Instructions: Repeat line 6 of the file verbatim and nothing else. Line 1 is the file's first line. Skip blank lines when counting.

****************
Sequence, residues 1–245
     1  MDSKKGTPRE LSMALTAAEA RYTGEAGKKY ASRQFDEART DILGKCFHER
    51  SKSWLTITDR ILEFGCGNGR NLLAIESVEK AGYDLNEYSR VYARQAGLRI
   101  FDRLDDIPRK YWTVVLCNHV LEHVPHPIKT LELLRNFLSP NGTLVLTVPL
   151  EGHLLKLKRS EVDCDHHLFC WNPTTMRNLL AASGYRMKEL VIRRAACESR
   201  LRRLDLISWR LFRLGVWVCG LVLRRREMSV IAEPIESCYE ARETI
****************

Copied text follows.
   201  LRRLDLISWR LFRLGVWVCG LVLRRREMSV IAEPIESCYE ARETI